In a study; Shieh et al. in 2010 compared two group mothers with and without training course before infant NICU discharge. After 3 months level of knowledge providing infant care and mothers’ self confidence were higher in parents undergoing education [12] .

The recent study showed that among 20 questions, the most parents’ awareness belongs to 3 questions; first, continuous attendance in ward. Ninety percepts’ of parents had this information that presence in NICU is important. The American Association of Pediatrics recommended that parents attendance result valuable benefits such as decreasing parents’ stress, improving the infant clinical recovery and relief the infant’s pain [9] .

Second; the vast majority of parents knew that they should wash their hand and obey hygienic principle before NICU entrance. Hand contamination is an important source of infection in NICU. Several Studies confirmed an inverse correlation between infection rates and hand Hygiene compliance rates [13] . The high sensibility of NICU staff may useful to persuade parents to observe these principles in NICU.

Third; they also were vigilant about some post discharge care such as avoiding of kissing, trip and presence in crowded places which all of them increase the risk of respiratory and acquired diseases.

On the other hand, the majority of participants did not have enough information about post discharge care, para clinical follow up, and specialist visits. It may relate to impairment in educational system and no accessible information resource for parents after discharge. Parents need some knowledge and skills about basic care feeding, growth, bathing, sleeping, complications such as colic, apnea, noisy birthing. Physicians and nurses are the main sources of information. Teaching and training courses during admission days about post discharge care would be a great help for parents [4] . Lindberg in 2009 reported that parents were satisfied with a videoconference program as a link between NICU and home after home coming with infants. In fact parents experienced and profited the support of hospital staff in new situation at home with preterm babies [14] .

In our study few parents knew about timing of immunization in premature infants or process of ventilator support. Our finding was consistent to another study by Robinson et al. [8] .

Table 2. The rate of parents’ awareness about premature neonates’ care processes.

We also found a significant correlation between parents’ age with knowledge score (P = 0.022, R = 0.181). We speculated that older parents had much more experience and knowledge that help them in care of premature infant in NICU.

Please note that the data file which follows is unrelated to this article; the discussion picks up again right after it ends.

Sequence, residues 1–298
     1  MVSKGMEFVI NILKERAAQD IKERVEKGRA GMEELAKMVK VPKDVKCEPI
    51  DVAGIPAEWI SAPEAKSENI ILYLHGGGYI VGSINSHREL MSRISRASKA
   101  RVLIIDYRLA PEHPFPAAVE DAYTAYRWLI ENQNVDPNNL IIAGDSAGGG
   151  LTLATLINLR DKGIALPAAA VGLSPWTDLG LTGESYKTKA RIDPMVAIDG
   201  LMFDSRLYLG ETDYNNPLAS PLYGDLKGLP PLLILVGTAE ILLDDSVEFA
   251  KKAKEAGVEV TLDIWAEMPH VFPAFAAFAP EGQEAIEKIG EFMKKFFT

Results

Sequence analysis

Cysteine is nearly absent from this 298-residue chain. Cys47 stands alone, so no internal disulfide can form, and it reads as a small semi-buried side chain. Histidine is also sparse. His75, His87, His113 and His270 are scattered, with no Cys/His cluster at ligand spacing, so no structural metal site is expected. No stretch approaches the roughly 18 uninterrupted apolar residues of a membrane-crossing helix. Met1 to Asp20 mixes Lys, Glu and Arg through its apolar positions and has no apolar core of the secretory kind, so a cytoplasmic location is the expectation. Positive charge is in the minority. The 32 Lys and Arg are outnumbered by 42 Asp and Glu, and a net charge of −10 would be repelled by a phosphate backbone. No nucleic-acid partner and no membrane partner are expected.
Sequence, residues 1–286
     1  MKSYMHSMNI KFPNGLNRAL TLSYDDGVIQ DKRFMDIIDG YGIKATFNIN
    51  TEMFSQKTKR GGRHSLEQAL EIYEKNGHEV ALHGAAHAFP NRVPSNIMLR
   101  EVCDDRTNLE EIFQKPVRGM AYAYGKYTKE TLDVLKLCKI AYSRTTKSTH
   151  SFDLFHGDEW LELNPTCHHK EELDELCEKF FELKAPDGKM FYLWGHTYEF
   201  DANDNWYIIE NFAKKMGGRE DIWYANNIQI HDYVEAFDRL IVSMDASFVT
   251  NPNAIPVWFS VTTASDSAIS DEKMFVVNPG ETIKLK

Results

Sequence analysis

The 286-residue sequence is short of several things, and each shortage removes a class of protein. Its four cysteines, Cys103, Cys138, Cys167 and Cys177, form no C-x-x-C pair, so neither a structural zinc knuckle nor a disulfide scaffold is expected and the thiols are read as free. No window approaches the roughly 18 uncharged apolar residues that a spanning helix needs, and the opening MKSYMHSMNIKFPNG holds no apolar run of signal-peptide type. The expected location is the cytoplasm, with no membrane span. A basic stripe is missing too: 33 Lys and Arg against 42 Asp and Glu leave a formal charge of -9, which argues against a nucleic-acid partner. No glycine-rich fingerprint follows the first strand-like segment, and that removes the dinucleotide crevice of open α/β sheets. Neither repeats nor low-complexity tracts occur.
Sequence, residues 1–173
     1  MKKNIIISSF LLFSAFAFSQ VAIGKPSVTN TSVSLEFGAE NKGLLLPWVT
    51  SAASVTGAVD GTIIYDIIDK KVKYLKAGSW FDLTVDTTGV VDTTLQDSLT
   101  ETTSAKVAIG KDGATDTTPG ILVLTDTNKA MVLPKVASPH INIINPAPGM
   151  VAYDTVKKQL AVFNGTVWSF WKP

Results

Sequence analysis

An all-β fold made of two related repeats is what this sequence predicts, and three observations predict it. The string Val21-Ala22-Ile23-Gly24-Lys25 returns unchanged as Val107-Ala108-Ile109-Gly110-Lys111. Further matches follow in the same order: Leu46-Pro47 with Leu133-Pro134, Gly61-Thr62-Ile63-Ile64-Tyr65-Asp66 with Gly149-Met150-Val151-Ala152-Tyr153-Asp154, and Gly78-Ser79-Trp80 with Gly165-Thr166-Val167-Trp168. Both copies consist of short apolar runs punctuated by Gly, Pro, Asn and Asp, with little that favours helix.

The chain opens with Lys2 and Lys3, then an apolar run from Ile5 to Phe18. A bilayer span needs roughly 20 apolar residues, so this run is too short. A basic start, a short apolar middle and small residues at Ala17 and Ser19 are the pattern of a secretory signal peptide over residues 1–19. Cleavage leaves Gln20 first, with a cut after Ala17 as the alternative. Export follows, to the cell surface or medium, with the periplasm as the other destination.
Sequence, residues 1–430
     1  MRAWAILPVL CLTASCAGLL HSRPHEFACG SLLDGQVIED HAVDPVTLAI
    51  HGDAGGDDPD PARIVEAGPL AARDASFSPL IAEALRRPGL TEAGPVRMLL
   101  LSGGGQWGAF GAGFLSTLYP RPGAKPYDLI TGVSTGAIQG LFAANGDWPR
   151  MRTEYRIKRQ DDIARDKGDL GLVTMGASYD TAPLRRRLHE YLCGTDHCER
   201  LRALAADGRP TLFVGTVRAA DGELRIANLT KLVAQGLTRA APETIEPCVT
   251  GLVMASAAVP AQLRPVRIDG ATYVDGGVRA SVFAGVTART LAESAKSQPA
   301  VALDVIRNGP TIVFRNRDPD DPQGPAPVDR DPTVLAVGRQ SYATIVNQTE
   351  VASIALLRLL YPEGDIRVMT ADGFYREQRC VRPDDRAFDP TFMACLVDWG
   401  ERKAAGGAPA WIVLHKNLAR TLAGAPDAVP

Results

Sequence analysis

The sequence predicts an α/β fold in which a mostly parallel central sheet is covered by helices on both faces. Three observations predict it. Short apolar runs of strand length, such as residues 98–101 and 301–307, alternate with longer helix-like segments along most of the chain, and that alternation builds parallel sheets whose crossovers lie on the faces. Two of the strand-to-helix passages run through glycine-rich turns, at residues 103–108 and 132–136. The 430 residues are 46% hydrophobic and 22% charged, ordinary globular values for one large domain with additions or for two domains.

Based on our result the level of awareness of mothers was higher than fathers. Mothers experience more tension than fathers when premature infant is born [15] . Mothers feel more responsibility about premature baby whereas fathers prefer to leave this duty to hospital staff. Fathers as bread winners usually involve in financial support [16] . A report indicated that mothers in this situation try to empower themselves with health professionals and staff’s knowledge and guidance, other mothers or other family members’ information [7] .

A limitation in our study was the fewer number of fathers that may affect in our results. Mothers and fathers have different perceptions and anticipation. The other limitation may relate that our study was cross-sectional not longitudinal.

Finally, we suggest that future research should focus on different ways to improve parents’ knowledge and skills in care of premature newborns.

5. Conclusion

The finding of our study provides information that parents need training and educational program to improve their knowledge and skills in care of premature babies. We saw mothers had higher awareness and knowledge than fathers. Older parents had much more knowledge about premature baby complications. The most awareness in parents was about regularly and continuous attendance in ward and doing of hygiene principle when they entered to NICU and some few cares after returning home with premature babies.

Conflict of Interest

The authors had no potential conflicts of interest during study.


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*Corresponding author.